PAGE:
A Williams County farm is sending aid to a Kansas ranch left devastated by a wildfire that covered across several states.
Dave Traxler of Basswood Farm has teamed up with a Utah-based long-haul trucker to bring bales of hay and cow’s milk supplements to the disaster area. Traxler wants to get the word out to the area so other farms might their surplus with the fellow farmers in need.
A perception of a lack of media coverage since the initial outbreak earlier this month and a slow government response has created a grassroots relief effort through social media, he said. The farms and ranches affected by the fires have kept going as best they can, he said.
“We’re farmers; we’re quiet,” Traxler, an eighth-generation farmer, said. “We just take care of ourselves.”
Traxler learned of the disaster through Facebook on a farming page and from friends he has out west. The pictures of the devastation were enough motivation for him to get involved.
“I had extra bales of hay and I knew I needed to do something,” Traxler said. “I posted I had hay that needed to be delivered and I needed a truck.”
That’s how Traxler came to meet Daisy Delaney (She Beast) who is from the west and wanted to help. A common contact on Facebook got the two together. She worked out a run to Michigan so she could come back through Ohio and pick up Traxler’s hay.
Delaney called Traxler at 10:30 in the morning March 16 to let him know she was on her way to his farm.
In a driving, freezing rain storm March 17, Traxler placed 34 round bales onto Delaney’s flatbed. Traxler was aided by Brock Zuver of Pioneer, who operated a Bearcat to load the bales onto trailer.
Delaney is involved in the relief efforts as well. She issued a challenge on social media to her friends to “fill the bunk,” with milk supplements.
“I had heard about it,” Delaney said. “I had friends down there (Texas) and it didn’t seem like it wasn’t getting any national attention.”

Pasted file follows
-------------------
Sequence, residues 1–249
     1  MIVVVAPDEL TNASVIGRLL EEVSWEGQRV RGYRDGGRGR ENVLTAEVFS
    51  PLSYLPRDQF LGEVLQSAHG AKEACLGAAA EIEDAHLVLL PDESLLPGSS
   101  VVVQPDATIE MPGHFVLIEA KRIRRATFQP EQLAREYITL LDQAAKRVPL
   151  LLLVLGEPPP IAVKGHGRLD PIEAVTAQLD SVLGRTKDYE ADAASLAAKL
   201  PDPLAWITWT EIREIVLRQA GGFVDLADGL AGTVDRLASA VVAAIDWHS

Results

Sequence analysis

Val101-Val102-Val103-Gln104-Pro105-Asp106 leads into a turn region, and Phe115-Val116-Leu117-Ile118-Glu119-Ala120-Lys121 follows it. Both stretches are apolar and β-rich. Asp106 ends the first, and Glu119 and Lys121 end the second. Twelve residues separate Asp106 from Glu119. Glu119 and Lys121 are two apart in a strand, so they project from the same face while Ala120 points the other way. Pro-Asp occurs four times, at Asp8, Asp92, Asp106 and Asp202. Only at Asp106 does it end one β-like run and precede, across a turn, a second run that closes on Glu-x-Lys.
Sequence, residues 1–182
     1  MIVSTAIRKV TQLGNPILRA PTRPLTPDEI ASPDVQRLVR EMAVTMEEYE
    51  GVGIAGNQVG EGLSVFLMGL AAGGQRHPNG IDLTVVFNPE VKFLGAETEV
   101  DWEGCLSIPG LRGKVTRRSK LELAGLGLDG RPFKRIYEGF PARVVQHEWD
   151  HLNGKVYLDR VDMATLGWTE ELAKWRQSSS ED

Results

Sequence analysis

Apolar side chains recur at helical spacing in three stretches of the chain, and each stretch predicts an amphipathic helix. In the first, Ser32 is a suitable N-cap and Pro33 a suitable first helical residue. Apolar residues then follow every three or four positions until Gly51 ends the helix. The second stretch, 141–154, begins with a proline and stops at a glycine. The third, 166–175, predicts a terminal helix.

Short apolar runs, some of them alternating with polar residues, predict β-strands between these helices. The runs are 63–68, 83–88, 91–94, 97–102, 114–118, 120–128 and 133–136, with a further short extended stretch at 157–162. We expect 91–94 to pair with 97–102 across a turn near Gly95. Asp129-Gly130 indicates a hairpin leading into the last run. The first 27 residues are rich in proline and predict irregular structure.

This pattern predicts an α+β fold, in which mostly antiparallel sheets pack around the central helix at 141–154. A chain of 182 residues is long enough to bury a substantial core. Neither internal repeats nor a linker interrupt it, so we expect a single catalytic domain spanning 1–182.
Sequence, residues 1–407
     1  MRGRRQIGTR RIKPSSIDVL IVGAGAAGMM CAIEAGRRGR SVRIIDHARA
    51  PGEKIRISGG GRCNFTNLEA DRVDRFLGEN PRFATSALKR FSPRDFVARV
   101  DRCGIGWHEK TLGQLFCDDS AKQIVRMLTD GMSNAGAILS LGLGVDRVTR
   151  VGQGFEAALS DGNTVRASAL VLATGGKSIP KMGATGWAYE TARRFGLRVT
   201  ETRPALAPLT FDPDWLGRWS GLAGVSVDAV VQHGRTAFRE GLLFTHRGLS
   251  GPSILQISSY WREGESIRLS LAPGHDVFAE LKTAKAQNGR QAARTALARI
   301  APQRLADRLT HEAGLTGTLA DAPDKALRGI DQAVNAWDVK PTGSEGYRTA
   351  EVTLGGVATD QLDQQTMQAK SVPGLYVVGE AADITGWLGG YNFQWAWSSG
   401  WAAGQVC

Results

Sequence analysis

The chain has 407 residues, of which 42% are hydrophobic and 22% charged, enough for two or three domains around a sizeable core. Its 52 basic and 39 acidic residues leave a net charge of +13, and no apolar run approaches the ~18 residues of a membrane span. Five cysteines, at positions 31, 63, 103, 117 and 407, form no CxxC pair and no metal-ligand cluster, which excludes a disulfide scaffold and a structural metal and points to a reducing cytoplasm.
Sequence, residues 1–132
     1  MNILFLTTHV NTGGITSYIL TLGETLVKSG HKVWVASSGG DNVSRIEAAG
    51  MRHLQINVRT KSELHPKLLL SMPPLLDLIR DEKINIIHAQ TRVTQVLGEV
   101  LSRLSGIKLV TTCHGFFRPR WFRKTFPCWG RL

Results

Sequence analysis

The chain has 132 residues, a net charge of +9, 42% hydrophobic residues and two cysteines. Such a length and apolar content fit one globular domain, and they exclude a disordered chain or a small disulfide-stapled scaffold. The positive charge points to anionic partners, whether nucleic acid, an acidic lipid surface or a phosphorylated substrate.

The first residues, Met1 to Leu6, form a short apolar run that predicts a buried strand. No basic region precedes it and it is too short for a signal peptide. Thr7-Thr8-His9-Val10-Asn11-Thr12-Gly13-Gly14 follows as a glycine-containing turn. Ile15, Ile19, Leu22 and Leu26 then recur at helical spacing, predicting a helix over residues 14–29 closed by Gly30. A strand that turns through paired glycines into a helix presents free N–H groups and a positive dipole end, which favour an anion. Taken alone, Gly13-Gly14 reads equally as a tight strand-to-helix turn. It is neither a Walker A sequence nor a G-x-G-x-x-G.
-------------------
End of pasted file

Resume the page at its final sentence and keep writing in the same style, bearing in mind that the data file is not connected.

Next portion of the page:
So, by spreading the word about the wildfires, she generated support across the country.
“Farmers, ranchers and truck drivers are pretty much tied to the hip.”
Delaney raised enough money to purchase 24, 50-pound bags of milk supplements ($65 each) from Superior Farm Supply of Montpelier.
The goal was to buy from independent stores, not chains, she said.
Superior Farm Supply owner Paul Haines was skeptical at first when Delaney told him of her plan. Those doubts were washed away when the orders started coming in.
“We had nine or ten people buy one or two bags,” Haines said.
The supplements are for calves who have lost their mothers from the fire or whose mothers are too injured to nurse.
“They have got to have milk,” Delaney said.
Delaney will take the hay and supplements to Gardiner Angus Ranch in Kansas which lost 600 head of cattle in the wildfires.
Watching the film and seeing the photos of the devastation, it was easy for Traxler to identify with his ranching brethren out west. He has been out in the cold trying to dig out a cow or assisting in the birth of calve that is stuck.
“It hits home if you ever spent the night trying to keep a calf alive, dig it out of a pile of mud or its mother and have it die on you and have to bury it,” Traxler said. “It really sends it home, because we’ve seen it.”
The ranchers have had to kill many of their herd and are doing the job themselves rather than having their hired hands do it, Traxler said.
“Farming and ranching never gets the credit it deserves,” Delaney said.
The fires consumed 1 million acres and claimed seven lives, according to agweb.com. Fires were reported in Colorado, Kansas, Oklahoma and Texas. While he can see a big article on Facebook complaining about a new golf course by Donald Trump, he has not seen a similar piece about this disaster, Traxler said.
“People are losing their livelihoods,” Traxler said. “It’s going to affect your dinner table.”
Traxler is helping the Gardiner Angus Ranch in Kansas for a lot of reasons, even though he has never met the owners and probably never will. Farming is a family and he wants to help someone who is hurting in same way his farm was aided in 1988 when a drought and excessive heat was killing the land.
Also, three of his cows are genetically linked to a bull at the Kansas farm.
Traxler has more bales of hay to donate, he just needs a truck. He figures he has 20 round bales and 22 square bales to give.
The trip to Kansas is 1,025 miles and at $2.50 per mile, plus the driver’s time, that is a hefty bill he can’t pay himself. The situation is so dire, there hasn’t been time to set up a donation system, but people can call him at the farm.
“If I can get the money, I can order a truck,” Traxler said.
The farms and ranches also need fencing supplies, including posts, barbed wire and high-tension wire, Traxler said.
The situation is so dire that farmers are sacrificing their wheat fields to the cattle, Traxler said.
“The cows are eating that cash crop,” Traxler said.
James Pruitt may be reached at email@example.com
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